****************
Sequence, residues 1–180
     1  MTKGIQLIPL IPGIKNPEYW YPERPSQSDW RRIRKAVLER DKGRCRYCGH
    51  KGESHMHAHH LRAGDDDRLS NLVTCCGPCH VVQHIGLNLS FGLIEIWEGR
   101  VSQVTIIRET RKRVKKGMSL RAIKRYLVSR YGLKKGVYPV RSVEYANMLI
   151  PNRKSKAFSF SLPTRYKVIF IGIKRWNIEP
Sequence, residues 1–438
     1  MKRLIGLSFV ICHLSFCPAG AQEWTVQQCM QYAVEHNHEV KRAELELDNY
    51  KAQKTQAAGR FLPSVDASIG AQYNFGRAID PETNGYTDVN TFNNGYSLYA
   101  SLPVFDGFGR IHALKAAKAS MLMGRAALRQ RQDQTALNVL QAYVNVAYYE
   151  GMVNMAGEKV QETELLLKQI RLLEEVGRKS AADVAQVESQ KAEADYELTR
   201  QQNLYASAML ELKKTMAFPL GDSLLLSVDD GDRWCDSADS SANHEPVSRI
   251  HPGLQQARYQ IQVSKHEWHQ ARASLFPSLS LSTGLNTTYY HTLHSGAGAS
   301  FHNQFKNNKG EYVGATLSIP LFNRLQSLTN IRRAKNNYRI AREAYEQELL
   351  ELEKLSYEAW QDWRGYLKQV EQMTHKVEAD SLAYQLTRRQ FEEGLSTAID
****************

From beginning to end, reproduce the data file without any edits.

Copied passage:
Sequence, residues 1–180
     1  MTKGIQLIPL IPGIKNPEYW YPERPSQSDW RRIRKAVLER DKGRCRYCGH
    51  KGESHMHAHH LRAGDDDRLS NLVTCCGPCH VVQHIGLNLS FGLIEIWEGR
   101  VSQVTIIRET RKRVKKGMSL RAIKRYLVSR YGLKKGVYPV RSVEYANMLI
   151  PNRKSKAFSF SLPTRYKVIF IGIKRWNIEP
Sequence, residues 1–438
     1  MKRLIGLSFV ICHLSFCPAG AQEWTVQQCM QYAVEHNHEV KRAELELDNY
    51  KAQKTQAAGR FLPSVDASIG AQYNFGRAID PETNGYTDVN TFNNGYSLYA
   101  SLPVFDGFGR IHALKAAKAS MLMGRAALRQ RQDQTALNVL QAYVNVAYYE
   151  GMVNMAGEKV QETELLLKQI RLLEEVGRKS AADVAQVESQ KAEADYELTR
   201  QQNLYASAML ELKKTMAFPL GDSLLLSVDD GDRWCDSADS SANHEPVSRI
   251  HPGLQQARYQ IQVSKHEWHQ ARASLFPSLS LSTGLNTTYY HTLHSGAGAS
   301  FHNQFKNNKG EYVGATLSIP LFNRLQSLTN IRRAKNNYRI AREAYEQELL
   351  ELEKLSYEAW QDWRGYLKQV EQMTHKVEAD SLAYQLTRRQ FEEGLSTAID